April 13, 2010 3:47 pm ET - by Matt Finkelstein
Among political observers, there's a general consensus that Republicans will make significant gains in the 2010 midterm elections. The latest Gallup poll shows the minority party leading the generic Congressional ballot by a 48-44 percent margin.
What's less clear, however, is the cause of this dynamic. To hear Republican leaders tell it, President Obama and the Democratic majority have defied the will of the American people by spending too much and growing the size of the government. Meanwhile, they say, Republicans have found their way again after the big-spending Bush years and are winning over the public with "common sense" alternatives to Obama's agenda.
On the other side, progressives say that the party in power traditionally loses ground in midterm elections, and that those losses are likely to be greater due to public angst over the worse economic crisis since the Great Depression (which, of course, was brought on by failed Republican leadership).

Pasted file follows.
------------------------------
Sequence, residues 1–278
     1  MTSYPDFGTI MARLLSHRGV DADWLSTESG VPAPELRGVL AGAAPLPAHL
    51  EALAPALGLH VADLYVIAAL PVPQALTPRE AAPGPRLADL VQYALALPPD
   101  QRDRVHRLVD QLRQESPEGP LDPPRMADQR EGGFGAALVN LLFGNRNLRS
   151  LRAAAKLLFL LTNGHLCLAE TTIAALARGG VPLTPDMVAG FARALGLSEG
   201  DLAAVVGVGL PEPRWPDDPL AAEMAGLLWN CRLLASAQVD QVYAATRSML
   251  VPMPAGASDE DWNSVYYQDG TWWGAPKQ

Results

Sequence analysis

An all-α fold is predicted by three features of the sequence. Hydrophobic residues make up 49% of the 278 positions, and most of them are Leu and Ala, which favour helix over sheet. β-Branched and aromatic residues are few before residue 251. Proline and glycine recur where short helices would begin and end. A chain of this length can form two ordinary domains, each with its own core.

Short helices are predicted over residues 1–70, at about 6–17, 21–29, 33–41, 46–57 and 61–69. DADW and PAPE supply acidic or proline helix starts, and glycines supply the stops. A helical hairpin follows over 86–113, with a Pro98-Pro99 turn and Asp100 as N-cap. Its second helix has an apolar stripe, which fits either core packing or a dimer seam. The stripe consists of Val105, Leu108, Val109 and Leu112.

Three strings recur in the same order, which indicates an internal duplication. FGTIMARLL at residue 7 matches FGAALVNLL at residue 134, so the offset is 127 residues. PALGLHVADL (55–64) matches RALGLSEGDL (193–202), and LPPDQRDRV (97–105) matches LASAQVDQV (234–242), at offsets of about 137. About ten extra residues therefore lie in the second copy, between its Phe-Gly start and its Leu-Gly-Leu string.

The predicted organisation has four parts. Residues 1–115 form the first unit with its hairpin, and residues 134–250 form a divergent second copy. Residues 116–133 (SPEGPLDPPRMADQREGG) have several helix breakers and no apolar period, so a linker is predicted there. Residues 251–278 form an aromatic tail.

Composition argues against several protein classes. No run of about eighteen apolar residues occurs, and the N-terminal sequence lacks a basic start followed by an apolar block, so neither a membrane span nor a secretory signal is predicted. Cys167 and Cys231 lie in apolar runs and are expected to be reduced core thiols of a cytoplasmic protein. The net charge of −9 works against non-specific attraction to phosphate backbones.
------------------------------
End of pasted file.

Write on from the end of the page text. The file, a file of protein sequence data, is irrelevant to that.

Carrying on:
A new report from Public Policy Polling sheds some light on what the voters are thinking:
The Republican Party may have a big election year anyway, but Americans sure don't think much of it or its leadership.
Only 28% of voters in the country say they approve of the current direction of the GOP with 51% disapproving. Even among voters who identify with the party just 54% say they like where it's headed. It's predictable that Democrats would give it very low marks but even among independents just 18% think the Republicans are headed in the right direction while 49% dissent.
One person who's not doing the party any favors is Michael Steele. Only 10% of Americans have a favorable opinion of him while 33% see him unfavorably. Even in his own party a plurality of voters have a negative view of him, with 19% saying they have an unfavorable opinion of him to 15% with a positive one.
Steele's low approval rating is unsurprising, but the party's congressional leadership is only slightly more popular than the struggling chairman. According to the poll, House Minority Leader John Boehner and Senate Minority Leader Mitch McConnell are both seen favorably by just 15 percent of the public.
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